Article

Bioethics  

Larry W. Foster

Bioethics and biomedical ethics are defined. Common bioethical concepts, exemplary moral values, fundamental ethical principles, general ethical theories, and approaches to moral reasoning are reviewed. The scope of topics and issues, the nature of practice situations in bioethics, and social work roles on organizational bodies that monitor and respond to bioethical issues are summarized, as are trends in bioethics. Practice contexts, from beginning to end of life, are highlighted with biopsychosocial facts, ethical questions and issues, and implications for social work—a profession uniquely positioned in giving bioethics a social context.

Article

Family Caregiving  

Sandra Owens and Letha A. Chadiha

There is evidence that family caregiving in the United States has been increasing at an unprecedented rate as a result of various societal issues. This entry provides a summary of the scholarly literature regarding elder-caregiving trends, demographics, legislation, challenges, and racial and socioeconomic impacts, as well as the rewards of caregiving. Additionally, the entry provides empirical findings regarding evidence-based interventions associated with family caregiving of older adults.

Article

Kelly, James R., Jr.  

Sadye L. M. Logan

James R. Kelly, Jr. (1934–2002) undertook pioneering work in the development and administration of the Veterans Administration (VA) Extended Care programs that has basically shaped the modalities of long-term care now available to veterans across the United States.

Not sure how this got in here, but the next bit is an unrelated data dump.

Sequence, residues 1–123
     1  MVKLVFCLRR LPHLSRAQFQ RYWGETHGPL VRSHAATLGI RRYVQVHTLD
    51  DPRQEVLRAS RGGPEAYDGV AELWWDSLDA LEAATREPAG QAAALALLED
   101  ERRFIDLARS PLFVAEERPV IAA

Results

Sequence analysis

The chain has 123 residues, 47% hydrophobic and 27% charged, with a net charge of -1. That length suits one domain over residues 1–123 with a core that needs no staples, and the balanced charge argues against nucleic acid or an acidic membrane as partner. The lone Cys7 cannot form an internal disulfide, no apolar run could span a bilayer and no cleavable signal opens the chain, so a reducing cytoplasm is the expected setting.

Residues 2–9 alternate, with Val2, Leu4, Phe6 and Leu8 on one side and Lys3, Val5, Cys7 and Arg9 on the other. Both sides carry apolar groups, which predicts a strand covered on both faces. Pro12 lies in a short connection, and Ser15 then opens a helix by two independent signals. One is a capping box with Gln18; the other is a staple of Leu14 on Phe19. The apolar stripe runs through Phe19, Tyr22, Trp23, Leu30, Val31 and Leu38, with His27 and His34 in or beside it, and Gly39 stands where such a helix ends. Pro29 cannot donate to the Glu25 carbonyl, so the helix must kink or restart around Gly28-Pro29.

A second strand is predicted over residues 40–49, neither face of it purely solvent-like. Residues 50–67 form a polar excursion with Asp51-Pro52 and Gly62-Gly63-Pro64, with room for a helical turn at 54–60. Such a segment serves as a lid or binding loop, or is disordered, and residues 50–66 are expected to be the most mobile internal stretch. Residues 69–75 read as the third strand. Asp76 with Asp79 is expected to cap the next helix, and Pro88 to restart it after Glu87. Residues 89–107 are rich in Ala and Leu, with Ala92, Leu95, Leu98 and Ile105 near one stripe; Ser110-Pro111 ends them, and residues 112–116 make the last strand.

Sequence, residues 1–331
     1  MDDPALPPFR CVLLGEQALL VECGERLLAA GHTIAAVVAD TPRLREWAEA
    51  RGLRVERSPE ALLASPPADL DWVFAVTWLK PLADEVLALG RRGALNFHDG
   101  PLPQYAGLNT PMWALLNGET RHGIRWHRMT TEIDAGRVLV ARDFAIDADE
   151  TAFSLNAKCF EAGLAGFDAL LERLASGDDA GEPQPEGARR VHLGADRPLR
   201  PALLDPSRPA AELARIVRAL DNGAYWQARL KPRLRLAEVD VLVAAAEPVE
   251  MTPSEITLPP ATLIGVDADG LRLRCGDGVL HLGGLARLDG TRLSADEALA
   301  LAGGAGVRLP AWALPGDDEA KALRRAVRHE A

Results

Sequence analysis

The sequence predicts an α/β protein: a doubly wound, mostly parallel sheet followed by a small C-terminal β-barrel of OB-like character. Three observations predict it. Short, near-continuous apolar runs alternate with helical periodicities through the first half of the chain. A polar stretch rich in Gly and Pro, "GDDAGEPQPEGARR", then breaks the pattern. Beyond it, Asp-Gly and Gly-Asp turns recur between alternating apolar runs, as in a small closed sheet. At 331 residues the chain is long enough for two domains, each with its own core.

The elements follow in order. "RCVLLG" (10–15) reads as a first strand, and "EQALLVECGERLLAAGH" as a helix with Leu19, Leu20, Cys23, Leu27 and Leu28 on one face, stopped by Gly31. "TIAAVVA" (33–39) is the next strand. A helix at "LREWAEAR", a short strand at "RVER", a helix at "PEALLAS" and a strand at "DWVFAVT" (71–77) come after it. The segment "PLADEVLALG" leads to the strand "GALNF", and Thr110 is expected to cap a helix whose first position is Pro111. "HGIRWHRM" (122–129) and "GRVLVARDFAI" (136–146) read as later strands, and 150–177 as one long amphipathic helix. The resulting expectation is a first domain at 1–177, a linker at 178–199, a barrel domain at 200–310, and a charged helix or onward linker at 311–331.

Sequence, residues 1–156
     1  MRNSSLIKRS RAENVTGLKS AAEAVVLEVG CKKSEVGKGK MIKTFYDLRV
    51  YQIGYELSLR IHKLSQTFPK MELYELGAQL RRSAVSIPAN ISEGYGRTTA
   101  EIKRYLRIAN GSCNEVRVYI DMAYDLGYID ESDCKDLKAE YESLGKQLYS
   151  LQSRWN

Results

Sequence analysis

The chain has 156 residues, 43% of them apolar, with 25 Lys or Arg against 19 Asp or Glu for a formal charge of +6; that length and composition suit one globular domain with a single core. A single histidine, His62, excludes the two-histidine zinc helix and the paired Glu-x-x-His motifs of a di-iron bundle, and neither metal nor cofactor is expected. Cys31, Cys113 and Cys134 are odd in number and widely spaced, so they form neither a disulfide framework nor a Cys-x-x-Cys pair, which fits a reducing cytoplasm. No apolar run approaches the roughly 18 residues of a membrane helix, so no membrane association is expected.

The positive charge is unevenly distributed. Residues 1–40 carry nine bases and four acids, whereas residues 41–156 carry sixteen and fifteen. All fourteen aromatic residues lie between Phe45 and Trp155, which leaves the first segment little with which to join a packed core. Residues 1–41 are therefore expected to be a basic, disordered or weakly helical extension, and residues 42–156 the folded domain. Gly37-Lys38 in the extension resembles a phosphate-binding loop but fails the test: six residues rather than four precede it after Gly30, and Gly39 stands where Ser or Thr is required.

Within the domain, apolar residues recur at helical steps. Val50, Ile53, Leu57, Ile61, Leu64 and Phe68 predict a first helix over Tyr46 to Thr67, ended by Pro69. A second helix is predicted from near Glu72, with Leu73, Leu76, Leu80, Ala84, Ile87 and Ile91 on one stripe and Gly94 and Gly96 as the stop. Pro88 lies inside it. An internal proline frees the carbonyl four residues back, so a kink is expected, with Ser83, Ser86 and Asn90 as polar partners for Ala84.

Article

Adult Day Care  

Namkee G. Choi

Adult day care centers provide important health, social, and support services for functionally and cognitively impaired adults and their caregivers. The adult day care services are underutilized, however, because of the shortage of centers, caregivers' lack of awareness of and resistance to using services, and the mismatch between the needs of potential consumers and their informal caregivers and the services provided by the centers. To foster and support the expansion of adult day care centers, lessons learned from national demonstration programs need to be disseminated, and social workers need to be trained to provide essential services at the centers.

Article

End-of-Life Care Issues  

Linda P. Darrell

The perspective of end-of-life care has changed over the years. People are living longer, fuller lives due to advanced medical care and technology along with an increased interest in healthier lifestyles. The focus of end-of-life care has expanded to include accidental and sudden, unexpected death, chronic illness, anticipated death from longevity, and illnesses impacting children. An expanded perspective of end-of-life care must account for the challenges and changes of service delivery within a multi-cultural 21st-century milieu. The significance of advanced medical technology and improved lifestyles is an important component of a primary multidisciplinary assessment to understand the impact of such a life-altering occurrence as end-of-life care. Equally as important is a culturally inclusive perspective to accommodate the significance of longevity due to improved lifestyles, advanced medical technology, ethnicity, spirituality, and racial awareness. This article will explore the multiple concerns surrounding end-of-life care issues from an expansive worldview.